The UK Royal Society, Academy of Medical Sciences, the US National Academies of Sciences and Medicine and UNESCO-The World Academy of Sciences for the advancement of science in developing countries (TWAS) are jointly organising the Third International Summit on Human Genome Editing in March 2023, postponed from its original date of March 2022.
The original dates of March 7th – 9th, 2022 are being used to host a three-part series of online events. Registration for these events is not needed. All three events will be live streamed and the recorded presentations will be made available. The events are as follows:
- March 7th: Looking Ahead to the Science
- March 8th: Looking Ahead to the Equity & Access
- March 9th: Looking Ahead to the Governance
The Third International Summit on Human Genome Editing will take place as an in-person event at the Francis Crick Institute in London over three days from March 6th – 8th, 2023.
A multidisciplinary planning committee comprising representatives from eleven nations has been appointed to plan the summit, which is being chaired by Professor Robin Lovell-Badge FMedSci FRS. We are pleased to announce that Dr. Daria Julkowska, Coordinator of the EJP RD, is a member of the planning committee.
The 2023 Summit will build on previous events held in Washington, D.C. (2015), and Hong Kong (2018) and continue important international dialogue around human genome editing. During the Summit, international stakeholders representing the academic, medical, regulatory, bioethical, and patient communities will discuss global considerations regarding human genome editing, including:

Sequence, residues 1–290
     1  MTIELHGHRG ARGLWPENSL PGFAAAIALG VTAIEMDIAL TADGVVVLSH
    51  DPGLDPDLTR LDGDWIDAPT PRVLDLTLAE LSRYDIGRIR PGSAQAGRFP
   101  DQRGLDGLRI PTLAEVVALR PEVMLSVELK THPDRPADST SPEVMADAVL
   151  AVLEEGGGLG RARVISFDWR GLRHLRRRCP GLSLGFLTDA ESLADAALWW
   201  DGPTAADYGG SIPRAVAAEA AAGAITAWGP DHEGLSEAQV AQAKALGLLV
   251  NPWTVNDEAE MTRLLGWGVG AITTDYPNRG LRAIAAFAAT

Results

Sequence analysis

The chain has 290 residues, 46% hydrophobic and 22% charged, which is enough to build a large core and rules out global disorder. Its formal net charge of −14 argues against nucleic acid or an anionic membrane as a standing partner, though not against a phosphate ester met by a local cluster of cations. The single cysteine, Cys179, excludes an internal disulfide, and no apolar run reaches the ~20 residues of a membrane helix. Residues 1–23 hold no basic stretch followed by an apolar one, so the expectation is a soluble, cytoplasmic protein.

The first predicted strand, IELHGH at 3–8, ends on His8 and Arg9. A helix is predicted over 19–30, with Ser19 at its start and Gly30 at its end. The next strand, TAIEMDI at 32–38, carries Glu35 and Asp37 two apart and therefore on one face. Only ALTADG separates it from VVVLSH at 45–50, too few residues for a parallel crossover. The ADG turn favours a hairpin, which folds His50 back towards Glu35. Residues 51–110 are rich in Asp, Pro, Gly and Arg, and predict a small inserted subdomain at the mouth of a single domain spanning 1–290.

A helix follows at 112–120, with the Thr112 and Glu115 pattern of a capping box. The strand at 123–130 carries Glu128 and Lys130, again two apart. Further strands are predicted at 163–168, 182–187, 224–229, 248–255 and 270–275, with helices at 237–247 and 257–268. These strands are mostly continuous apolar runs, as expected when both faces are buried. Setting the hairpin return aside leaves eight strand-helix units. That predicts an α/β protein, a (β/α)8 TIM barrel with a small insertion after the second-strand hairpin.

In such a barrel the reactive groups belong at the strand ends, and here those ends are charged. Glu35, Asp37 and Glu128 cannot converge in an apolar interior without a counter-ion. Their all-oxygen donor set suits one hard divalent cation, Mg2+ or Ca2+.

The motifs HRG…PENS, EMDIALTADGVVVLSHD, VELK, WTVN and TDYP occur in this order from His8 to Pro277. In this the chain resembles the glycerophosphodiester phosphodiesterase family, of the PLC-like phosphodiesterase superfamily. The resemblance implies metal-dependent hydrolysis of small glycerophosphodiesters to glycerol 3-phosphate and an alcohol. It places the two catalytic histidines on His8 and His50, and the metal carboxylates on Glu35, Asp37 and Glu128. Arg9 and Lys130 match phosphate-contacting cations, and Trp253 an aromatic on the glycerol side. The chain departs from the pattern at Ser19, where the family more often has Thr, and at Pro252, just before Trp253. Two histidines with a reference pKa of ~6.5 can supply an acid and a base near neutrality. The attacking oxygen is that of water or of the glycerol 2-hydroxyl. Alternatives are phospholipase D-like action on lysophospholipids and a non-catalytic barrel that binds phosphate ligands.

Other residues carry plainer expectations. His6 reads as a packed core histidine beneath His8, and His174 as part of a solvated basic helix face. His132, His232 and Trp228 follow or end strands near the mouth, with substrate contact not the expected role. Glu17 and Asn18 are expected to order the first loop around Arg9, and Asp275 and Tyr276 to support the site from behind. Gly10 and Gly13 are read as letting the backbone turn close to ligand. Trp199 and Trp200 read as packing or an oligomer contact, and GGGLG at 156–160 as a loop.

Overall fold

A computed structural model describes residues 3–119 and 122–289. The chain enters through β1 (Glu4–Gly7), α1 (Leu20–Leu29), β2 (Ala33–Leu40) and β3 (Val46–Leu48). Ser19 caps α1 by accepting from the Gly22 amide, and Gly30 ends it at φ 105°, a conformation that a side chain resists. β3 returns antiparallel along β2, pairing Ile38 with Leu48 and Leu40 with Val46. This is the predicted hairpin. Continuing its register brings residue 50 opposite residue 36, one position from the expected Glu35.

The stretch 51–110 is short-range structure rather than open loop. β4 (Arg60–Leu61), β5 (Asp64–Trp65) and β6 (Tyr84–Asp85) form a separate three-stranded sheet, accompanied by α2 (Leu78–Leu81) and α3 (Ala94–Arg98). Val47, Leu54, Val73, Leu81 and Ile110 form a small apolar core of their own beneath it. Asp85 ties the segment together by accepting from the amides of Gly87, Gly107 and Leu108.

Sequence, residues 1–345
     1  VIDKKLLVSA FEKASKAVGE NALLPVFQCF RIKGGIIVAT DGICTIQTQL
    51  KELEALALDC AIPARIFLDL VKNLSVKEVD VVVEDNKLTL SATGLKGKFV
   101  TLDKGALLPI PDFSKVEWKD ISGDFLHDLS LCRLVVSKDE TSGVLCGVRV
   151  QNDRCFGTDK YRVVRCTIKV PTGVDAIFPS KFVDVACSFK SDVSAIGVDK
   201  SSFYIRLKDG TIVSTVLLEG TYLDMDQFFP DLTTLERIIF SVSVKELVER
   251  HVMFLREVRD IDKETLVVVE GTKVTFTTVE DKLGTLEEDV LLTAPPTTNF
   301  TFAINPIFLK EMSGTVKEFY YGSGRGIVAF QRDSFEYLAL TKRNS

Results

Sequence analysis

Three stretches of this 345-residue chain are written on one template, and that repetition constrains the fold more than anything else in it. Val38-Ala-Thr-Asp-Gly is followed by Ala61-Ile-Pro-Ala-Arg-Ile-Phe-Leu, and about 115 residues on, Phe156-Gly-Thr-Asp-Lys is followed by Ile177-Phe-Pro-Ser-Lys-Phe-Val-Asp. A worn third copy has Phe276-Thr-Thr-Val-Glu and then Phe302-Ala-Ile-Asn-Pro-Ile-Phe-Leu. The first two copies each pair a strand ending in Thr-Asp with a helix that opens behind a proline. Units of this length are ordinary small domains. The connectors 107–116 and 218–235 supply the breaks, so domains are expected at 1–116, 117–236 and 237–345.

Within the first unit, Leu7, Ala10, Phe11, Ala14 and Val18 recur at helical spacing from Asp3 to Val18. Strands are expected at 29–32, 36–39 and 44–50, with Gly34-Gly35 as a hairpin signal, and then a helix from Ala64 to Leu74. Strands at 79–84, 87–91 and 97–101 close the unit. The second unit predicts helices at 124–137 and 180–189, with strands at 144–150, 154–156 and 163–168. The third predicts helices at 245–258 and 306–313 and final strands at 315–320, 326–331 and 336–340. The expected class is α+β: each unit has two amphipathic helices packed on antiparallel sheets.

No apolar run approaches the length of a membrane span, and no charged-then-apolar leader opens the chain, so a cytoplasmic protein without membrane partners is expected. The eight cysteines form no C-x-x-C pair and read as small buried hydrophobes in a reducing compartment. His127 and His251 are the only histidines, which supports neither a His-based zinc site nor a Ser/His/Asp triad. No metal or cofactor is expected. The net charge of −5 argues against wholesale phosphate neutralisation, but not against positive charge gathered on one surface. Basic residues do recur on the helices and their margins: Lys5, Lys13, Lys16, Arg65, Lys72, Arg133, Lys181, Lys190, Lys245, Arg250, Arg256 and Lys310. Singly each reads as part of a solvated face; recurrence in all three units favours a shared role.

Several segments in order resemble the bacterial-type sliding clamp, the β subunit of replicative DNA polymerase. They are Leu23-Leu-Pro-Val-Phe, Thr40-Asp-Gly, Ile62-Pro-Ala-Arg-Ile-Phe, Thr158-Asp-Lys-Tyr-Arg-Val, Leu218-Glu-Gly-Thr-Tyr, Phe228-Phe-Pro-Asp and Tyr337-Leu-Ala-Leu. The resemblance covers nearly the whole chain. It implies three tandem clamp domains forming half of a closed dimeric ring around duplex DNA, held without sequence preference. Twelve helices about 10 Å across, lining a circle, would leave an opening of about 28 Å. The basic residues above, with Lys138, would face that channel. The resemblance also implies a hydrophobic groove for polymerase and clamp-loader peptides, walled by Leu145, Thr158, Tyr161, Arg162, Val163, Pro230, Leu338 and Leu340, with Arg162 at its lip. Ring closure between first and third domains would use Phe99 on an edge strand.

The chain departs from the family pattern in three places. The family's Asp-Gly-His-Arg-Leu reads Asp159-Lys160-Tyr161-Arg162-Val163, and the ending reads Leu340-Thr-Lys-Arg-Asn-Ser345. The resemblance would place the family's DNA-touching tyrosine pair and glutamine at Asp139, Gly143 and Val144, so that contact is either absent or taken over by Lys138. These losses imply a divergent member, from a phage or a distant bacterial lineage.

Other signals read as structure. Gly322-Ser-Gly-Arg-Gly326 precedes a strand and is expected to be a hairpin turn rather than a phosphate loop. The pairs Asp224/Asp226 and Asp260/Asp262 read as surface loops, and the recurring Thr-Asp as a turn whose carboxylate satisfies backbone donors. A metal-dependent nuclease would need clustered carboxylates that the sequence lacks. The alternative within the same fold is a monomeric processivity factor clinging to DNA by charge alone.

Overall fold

- An update on advances in science and techniques in non-heritable and epigenetic genome editing since the 2018 Summit
- Current clinical research involving non-heritable genome editing and barriers to clinical applications
- The state of the science for germline genome editing in embryos and gametes
- Policy approaches to increase capacity and accessibility to treatments for genetic diseases globally
- Discussion of recent reports from the World Health Organization and potential methods for developing international and national regulatory frameworks
- Ethical, societal and cultural considerations surrounding human genome editing
- The role of non-scientists, including the public, in setting the research agenda.